Director of Marketing
Love it or hate it: We are a tech-savvy society. It’s no surprise consumers want to use their favorite devices and apps to browse, compare and shop wherever and whenever they like. Retailers who aren’t investing in technology will likely be left behind. Let’s take a look at four retail technology trends impacting the industry today.
Trend 1: Touch screens tablets
Whether free-standing, tabletop or mounted, touch screens are front and center in many retail settings, including car showrooms, restaurants and stores. Uses for this technology include product demonstration, payment processing, interactive videos and inventory management. Touch screens are an excellent way to get customers more involved and engaged.
In 2017 at their free-standing stores, MAC Cosmetics launched a virtual try-on mirror. By using augmented reality, the mirror lets customers try on a curated set of makeup styles without actually applying any products.
Trend 2: Location beacons
What started as a novelty is becoming more accepted as retailers better understand how to use proximity marketing in a way that consumers find acceptable. Location-based technologies, such as Bluetooth-connected beacons, enable personalized, real-time messages, offers and promotions to be delivered through smartphones. Macy’s, Lord & Taylor and Urban Outfitters are a few of the brands that are already on board.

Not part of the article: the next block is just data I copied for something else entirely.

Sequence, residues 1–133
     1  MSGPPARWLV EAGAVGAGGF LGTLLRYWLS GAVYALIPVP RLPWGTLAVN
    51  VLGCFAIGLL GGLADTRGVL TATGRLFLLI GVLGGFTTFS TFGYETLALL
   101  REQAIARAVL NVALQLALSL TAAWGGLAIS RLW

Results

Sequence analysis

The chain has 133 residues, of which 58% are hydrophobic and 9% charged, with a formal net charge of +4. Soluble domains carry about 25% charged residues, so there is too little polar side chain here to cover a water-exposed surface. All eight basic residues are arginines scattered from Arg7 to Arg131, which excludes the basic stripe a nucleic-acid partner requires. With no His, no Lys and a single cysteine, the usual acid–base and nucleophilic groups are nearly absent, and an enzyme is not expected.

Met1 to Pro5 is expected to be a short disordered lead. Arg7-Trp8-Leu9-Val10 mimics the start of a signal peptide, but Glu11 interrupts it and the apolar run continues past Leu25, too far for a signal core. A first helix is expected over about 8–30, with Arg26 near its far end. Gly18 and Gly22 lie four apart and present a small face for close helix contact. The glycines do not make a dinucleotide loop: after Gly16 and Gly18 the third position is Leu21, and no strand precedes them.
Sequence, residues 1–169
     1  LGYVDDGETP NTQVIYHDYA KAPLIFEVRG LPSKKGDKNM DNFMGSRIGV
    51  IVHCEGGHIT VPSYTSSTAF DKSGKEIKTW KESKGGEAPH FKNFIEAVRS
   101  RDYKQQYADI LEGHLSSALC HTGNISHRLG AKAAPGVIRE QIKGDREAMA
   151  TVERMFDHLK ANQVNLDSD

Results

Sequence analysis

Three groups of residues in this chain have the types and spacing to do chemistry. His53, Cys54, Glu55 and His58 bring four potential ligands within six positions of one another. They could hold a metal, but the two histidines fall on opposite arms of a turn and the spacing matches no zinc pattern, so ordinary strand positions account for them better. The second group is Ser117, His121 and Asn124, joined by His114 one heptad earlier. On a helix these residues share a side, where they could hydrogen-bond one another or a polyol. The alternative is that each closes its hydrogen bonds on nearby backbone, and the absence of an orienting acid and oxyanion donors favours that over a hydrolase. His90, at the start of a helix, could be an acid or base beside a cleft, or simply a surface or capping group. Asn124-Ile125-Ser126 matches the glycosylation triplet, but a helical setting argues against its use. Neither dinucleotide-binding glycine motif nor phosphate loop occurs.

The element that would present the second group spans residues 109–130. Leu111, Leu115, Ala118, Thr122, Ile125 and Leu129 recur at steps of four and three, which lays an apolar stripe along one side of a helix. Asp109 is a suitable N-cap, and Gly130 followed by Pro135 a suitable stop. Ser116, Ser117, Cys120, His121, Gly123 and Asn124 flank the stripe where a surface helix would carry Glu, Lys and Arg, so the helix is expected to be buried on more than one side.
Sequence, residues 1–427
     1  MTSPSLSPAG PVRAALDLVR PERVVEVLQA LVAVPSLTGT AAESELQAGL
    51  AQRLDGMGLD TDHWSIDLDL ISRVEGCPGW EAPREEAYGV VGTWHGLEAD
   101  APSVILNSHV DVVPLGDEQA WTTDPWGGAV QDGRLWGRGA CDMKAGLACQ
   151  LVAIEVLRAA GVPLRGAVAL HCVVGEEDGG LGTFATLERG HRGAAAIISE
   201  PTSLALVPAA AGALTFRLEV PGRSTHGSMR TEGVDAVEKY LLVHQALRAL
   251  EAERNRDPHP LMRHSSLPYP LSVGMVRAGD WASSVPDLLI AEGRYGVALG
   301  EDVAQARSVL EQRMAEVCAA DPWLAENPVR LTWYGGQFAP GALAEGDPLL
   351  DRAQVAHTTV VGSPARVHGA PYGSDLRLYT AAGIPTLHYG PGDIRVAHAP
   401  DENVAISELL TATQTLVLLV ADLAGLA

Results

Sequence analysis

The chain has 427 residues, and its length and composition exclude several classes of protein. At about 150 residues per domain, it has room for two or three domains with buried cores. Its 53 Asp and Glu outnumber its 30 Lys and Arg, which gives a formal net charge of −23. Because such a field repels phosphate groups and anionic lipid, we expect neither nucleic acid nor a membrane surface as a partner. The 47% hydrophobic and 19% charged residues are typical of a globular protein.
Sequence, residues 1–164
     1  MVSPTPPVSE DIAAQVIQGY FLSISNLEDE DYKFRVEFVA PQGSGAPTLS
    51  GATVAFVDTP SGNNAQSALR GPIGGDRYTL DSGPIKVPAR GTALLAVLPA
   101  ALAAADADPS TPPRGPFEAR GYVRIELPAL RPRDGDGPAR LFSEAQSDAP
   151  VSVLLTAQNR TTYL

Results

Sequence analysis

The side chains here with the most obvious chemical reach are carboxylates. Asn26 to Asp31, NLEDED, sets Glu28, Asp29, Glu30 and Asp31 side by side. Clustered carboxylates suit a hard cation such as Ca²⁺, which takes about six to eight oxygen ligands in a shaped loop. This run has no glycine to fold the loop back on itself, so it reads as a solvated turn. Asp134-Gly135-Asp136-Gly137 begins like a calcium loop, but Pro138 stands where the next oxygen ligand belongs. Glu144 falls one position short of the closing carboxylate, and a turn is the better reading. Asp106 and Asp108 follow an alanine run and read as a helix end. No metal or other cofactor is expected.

Trend 3: Virtual assistants
Asking Siri or Alexa a question has become part of most people’s daily routines. Virtual or digital assistants are making their way into our shopping activities too, heralding the advent of voice-generated purchases. For example, LG produces refrigerators that can order groceries thanks to Amazon’s Alexa. In fact, voice shopping is expected to jump to $40 billion in 2022, up from $2 billion today, according to data from OC&C Strategy Consultants. Industry experts suggest this new channel may become the next major disruptive force in retail.
Trend 4: Human-free interactions
Retail is responding to customers’ changing demands in a number of ways. Cashier-less self-checkout registers are becoming more commonplace. In-store package pick-up kiosks, like the ones Whole Foods offers at certain locations for Amazon Prime orders, are a convenient option for customers concerned about porch thefts. Mobile ordering and checkout kiosks with mobile app payments are quite popular in fast-casual restaurants too. In fact, California eatery CaliBurger took that concept one step further by linking facial recognition to its loyalty program. Members using an ordering kiosk are shown their favorite meals based on previous purchases. They can even pay for their purchase without the need for a physical or digital wallet.